Much more to everyone's liking is 1968's Barbra Streisand: A Happening in Central Park. Filmed live in front of 135,000 (yes, that's one hundred and thirty-five THOUSAND) fans on a summer night in New York City, this one-woman concert captures the essence of Streisand the performer. Gone are the concepts and backdrops; this is pure Barbra, alone with a mike, belting, clowning, crooning, and connecting with a sea of enraptured supporters. Originally a two-and-a-half-hour concert (you should see the list of songs that didn't make the final cut), CBS truncated the program to fit a one-hour time slot, but thankfully keeps the magic intact. Streisand performs many of her greatest hits—Cry Me A River, I Can See It, Down With Love, Second Hand Rose, People, and Happy Days Are Here Again—with all the control, power, and emotion she can muster (and that's saying something!). She throws in a couple of novelty tunes for good measure, but two inspirational ballads—Natural Sounds and Silent Night (yes, the Christmas carol)—weave a hypnotic spell, and beautifully draw the home viewer into the concert's outdoor setting. I love My Name Is Barbra, but for me, A Happening in Central Park is what Barbra Streisand is all about.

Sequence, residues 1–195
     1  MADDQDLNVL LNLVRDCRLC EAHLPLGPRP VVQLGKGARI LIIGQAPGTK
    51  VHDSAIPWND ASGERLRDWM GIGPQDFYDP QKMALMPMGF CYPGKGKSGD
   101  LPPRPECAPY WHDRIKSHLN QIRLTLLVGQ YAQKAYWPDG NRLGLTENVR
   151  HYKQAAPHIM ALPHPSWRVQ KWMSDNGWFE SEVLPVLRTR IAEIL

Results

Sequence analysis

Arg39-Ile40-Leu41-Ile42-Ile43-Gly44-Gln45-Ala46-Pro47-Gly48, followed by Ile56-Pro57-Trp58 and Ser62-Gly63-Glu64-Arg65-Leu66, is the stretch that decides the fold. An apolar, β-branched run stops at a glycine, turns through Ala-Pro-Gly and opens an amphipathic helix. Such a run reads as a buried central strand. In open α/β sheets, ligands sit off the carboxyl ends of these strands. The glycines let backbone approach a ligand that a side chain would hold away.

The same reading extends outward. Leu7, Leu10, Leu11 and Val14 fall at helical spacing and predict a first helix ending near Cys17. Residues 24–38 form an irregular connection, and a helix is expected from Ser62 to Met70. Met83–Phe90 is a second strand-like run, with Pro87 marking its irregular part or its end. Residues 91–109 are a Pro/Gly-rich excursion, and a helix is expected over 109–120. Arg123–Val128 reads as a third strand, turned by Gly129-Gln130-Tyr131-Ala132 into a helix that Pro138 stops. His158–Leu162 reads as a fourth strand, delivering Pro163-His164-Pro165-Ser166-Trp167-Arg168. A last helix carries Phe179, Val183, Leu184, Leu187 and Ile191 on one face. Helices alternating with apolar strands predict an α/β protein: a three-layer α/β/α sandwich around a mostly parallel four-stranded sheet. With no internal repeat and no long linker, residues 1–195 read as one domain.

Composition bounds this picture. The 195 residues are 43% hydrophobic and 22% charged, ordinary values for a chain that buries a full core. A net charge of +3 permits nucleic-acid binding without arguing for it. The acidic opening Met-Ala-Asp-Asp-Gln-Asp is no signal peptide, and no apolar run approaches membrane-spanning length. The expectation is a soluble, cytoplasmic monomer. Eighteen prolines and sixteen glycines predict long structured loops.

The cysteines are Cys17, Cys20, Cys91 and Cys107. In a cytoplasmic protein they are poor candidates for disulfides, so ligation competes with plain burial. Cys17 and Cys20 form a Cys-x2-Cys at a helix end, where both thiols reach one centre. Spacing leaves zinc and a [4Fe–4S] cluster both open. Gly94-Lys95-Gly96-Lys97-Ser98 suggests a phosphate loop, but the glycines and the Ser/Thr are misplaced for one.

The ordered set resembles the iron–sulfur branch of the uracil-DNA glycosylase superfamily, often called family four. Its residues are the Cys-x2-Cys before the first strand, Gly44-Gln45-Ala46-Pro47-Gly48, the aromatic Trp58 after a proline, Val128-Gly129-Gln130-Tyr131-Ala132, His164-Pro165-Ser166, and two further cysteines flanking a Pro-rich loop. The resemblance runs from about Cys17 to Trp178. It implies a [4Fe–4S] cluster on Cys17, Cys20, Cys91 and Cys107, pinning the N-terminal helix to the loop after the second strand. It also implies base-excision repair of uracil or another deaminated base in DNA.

Five years passed before Streisand's next foray into television, and during that time she smoothly morphed into the Hollywood diva and political activist we know today. Second Hand Rose was now a distant memory, and in her place stood Malibu Barbra—tan, a bit blonder, more hip, and willing to embrace more contemporary pop music. Barbra Streisand... And Other Musical Instruments—not seen since its original 1973 airing—reflects this evolution, but is a bit too avant-garde for my taste. Streisand takes a worldwide, multicultural view of music, flipping tried-and-true standards on their ear with jarring international arrangements. She also indulges in some techno pop (before there ever was such a thing) with a synthesized rendition of By Myself. The special's best segment teams Barbra with Ray Charles for a duet of Crying Time and a sublime (if slightly abbreviated) solo of Sweet Inspiration/Where You Lead, one of my all-time favorite Streisand selections. She should have ended the program with her soaring performances of I Never Has Seen Snow and On a Clear Day You Can See Forever, but instead decides to close with the gimmicky The World Is a Concerto, in which appliances (like electric juicers, blenders, toasters, and vacuum cleaners) join the orchestra and accompany her. A few instances of lip-synching and canned audience applause soften the visceral punch of this very uneven special, but Streisand's artistry carries the day and makes it worth watching.